Meeting the Needs of Secondary Newcomer ELLs Through A Rigorous Curriculum

A guest post 

Teresa Vignaroli, ELL Supervisor, Loudoun County Public Schools, Virginia; Julie Baye, ELL School Improvement and Accountability Specialist, Loudoun County Public Schools, Virginia; Giuliana Jahnsen Lewis, ELL Staff Development Trainer, Loudoun County Public Schools, Virginia

Imagine Learning now publishes monthly guest posts in order to stimulate conversations about K12 education across the country. Opinions expressed herein are those of the individual author(s) and may not necessarily reflect the official opinion of Imagine Learning.


Imagine Learning secondary ELLs blog photo of Kandahari girls Vignaroli and Jahnsen LewisLike many other districts in the nation, Loudoun County Public Schools has experienced an influx of older English Language Learners (ELLs).

Currently, nearly twenty-seven percent of our high school ELLs are proficiency level 1 students; forty-five percent are combined proficiency levels 1 and 2 students.

These students bring a myriad of situations and challenges that include varying ethnic backgrounds, low socioeconomic status, differing levels of formal education, and special needs status.

The varying language learner types and their unique needs indicate that there is no one-size-fits-all service delivery model nor one intervention that addresses, in its entirety, the best practices in service delivery models for high school ELLs.

Research, however, indicates that ELLs must have access to standards-aligned curriculum that is rigorous and grade-level appropriate. Read more »


Content Spotlight: Finding Evidence

Imagine Learning blog on Finding Evidence suiteAs we’ve mentioned in previous blog posts, our Fall 2015 content update introduced a variety of new language and literacy activities for children. We’ll discuss two more of them below.

Today’s content spotlight focuses on the Finding Evidence activity suite, which introduces new literacy skills that cover even more state standards.

These activities teach upper-grade elementary students what evidence is and and how to find appropriate evidence to support the author’s claim.

The Finding Evidence suite consists of two separate activities, What’s Your Evidence and Evidence Needed. Here’s how each activity works: Read more »


A Limerick Is a Rhyme Just in Time for St. Patty’s

Imagine Learning, Nick, The Limerick Song, video screenshot

Nick, the Limerick Maker


Hark, ye lasses and lads, it’s that time of year when leprechauns plan merry mischief in the green fields and woods.

It’s also time for Imagine Learning’s annual limerick contest. Here’s one to get you started:

There once was a young lad named Nick
Who loved to perform a neat trick:
He crafted a rhyme—
So fine; so sublime,
And called it his best limerick.

Can you beat Nick at his rhyming game? We’re betting you can. And you’ll learn all about rhyming in the bargain!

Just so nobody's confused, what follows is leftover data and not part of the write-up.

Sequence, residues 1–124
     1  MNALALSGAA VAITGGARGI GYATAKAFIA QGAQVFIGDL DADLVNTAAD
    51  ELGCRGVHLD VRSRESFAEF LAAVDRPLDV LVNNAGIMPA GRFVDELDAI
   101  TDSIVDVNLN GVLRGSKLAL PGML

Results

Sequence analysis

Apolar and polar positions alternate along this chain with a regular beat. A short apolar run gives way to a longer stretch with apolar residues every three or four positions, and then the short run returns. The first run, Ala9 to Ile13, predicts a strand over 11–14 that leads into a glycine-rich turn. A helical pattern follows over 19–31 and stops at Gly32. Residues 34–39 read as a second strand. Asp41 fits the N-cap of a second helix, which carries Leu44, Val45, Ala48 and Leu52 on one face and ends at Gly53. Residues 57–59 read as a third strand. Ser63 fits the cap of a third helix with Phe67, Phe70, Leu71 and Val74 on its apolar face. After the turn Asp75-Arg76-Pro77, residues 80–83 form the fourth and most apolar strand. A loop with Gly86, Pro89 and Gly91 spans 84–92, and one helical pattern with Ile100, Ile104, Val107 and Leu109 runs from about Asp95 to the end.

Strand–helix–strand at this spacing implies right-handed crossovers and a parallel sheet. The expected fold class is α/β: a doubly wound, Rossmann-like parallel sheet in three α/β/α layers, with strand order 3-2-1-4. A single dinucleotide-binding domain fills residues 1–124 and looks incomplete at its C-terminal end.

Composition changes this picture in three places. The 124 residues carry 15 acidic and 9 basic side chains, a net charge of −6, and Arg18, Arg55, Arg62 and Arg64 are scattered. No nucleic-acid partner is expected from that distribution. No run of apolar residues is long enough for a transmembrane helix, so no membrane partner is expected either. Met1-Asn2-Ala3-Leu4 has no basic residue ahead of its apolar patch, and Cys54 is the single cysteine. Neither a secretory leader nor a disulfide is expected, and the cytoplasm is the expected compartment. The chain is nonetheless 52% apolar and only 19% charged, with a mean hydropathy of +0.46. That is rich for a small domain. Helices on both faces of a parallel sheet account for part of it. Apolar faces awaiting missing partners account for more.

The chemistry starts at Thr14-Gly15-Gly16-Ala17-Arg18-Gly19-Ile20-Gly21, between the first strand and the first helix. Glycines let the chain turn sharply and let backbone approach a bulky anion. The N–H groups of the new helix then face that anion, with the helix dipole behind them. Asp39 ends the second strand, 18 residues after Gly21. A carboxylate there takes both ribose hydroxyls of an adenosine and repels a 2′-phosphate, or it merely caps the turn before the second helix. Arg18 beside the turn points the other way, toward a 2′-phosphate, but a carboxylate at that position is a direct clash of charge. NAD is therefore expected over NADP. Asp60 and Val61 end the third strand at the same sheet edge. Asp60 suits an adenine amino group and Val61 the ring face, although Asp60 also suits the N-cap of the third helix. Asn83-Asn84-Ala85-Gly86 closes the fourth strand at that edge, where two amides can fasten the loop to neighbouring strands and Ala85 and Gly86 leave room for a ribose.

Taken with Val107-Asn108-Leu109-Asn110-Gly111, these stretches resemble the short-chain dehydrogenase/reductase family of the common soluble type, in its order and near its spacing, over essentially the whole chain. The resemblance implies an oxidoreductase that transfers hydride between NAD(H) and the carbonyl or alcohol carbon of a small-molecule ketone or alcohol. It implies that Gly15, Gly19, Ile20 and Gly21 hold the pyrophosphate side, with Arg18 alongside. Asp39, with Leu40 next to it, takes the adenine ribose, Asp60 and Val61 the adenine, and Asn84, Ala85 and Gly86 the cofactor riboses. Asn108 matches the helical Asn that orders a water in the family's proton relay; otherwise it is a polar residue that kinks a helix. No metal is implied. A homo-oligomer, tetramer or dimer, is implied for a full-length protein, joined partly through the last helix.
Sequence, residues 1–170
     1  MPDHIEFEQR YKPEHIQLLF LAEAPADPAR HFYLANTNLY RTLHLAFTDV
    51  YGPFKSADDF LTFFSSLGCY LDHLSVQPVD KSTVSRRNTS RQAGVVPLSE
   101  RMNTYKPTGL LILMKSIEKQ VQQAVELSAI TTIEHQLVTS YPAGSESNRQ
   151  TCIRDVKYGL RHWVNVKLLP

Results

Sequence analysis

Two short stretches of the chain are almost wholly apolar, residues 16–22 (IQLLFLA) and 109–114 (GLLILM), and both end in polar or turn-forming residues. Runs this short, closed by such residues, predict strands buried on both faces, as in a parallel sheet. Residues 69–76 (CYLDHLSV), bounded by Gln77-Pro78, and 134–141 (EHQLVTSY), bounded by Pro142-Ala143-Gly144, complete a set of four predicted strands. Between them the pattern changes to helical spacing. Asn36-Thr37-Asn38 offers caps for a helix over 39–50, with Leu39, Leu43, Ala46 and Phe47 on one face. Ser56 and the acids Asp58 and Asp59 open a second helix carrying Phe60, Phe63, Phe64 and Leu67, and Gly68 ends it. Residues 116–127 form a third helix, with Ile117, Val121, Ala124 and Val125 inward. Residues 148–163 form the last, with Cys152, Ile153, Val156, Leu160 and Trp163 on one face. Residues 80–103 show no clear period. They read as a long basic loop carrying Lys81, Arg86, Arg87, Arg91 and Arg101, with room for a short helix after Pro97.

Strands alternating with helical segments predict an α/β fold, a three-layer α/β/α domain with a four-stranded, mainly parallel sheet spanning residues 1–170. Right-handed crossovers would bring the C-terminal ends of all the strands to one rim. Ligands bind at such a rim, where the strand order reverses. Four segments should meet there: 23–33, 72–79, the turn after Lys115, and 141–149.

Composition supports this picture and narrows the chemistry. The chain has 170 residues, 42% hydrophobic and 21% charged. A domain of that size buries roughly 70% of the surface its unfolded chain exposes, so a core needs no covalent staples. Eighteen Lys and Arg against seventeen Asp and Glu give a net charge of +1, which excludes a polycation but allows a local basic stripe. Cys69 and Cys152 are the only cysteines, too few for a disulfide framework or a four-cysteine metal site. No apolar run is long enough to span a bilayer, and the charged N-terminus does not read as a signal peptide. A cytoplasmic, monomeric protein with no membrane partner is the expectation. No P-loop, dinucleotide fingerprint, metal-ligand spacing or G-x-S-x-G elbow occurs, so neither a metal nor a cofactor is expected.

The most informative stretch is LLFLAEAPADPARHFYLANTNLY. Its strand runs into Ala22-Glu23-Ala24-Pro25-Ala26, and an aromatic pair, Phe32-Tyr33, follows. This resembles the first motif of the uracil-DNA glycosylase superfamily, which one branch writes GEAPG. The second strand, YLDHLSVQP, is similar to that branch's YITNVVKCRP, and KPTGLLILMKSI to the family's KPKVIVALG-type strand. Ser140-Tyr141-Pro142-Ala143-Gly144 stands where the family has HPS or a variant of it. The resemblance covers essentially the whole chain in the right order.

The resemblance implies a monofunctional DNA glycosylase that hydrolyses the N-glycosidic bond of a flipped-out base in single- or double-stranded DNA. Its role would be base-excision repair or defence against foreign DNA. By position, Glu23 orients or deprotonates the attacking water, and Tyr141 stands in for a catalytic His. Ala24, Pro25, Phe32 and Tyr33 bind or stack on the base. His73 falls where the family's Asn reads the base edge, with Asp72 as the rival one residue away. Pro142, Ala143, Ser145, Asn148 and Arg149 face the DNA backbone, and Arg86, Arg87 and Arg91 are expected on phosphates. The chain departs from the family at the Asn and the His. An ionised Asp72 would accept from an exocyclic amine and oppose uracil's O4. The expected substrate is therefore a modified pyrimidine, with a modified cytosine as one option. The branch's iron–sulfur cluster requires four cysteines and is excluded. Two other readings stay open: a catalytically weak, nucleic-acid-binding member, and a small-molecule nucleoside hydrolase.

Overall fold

So, what should your subject be? Read more »


Write a lucky limerick

St. Patrick’s Day is coming up quick.
Grab a pen and write a limerick.
Be a rhyming rockstar,
you’re sure to go far,
and a lucky winner we’ll pick.

Want to celebrate St. Patrick’s Day?
You have something clever to say?
Join in the fun,
add in a pun,
And encourage your friends to play.

Try writing your own limerick.
Write it down with a leaded stick.
Make it divine,
and submit it online.
Your limerick we’re sure to pick.

Join in the St. Patrick’s Day fun by entering our annual limerick writing contest. To help you along the way, we’ve created a fun little video about writing limericks, hosted by Nick from the Imagine Learning software. Nick teaches students how to write limericks step-by-step, and explains the process by sharing his own limericks. Teachers, get your students involved! This video is the perfect way to begin an engaging lesson plan on limerick writing.

You can also watch the video on Vimeo.

We hope you have fun trying your hand at poetry writing! Submit entries in the comments section below. We will award prizes to the top three limericks.

Prize Pot-o-gold:

1st prize: a $25 Amazon gift card
2nd prize: a Booster bobblehead
3rd prize: a talking Mike the Microphone plush toy

We’ll accept submissions through end-of-day Monday, March 17th. Special consideration will be given to limericks with an educational flavor, and also to student submissions. Check back often to see the entries—and the lucky winners. You’ll be green with envy.

Good luck (o’ the Irish) to everyone!

Nick’s Limerick Video Lyrics:

Hello! How are you? I’m Nick.
Here to teach you a fun little trick.
To have a good time
when writing a rhyme
try writing your own limerick!

There are limericks of all different kinds.
So how do you write one that shines?
You’ll see that it’s cool
if you follow the rule:
a limerick is made of five lines.

So listen close to this song.
Lines one, two and five are all long.
And in poems of this sort
make lines three and four short
and I promise you’ll never go wrong.

You need to be sure and contrive
to rhyme lines one, two, and five
Then do it once more
with lines three and four
and your limerick surely will thrive!

So let these pointers take hold
And if you’ll write as you were told
at the rainbow’s end
you’ll find there my friend
your own limerick pot o’ gold!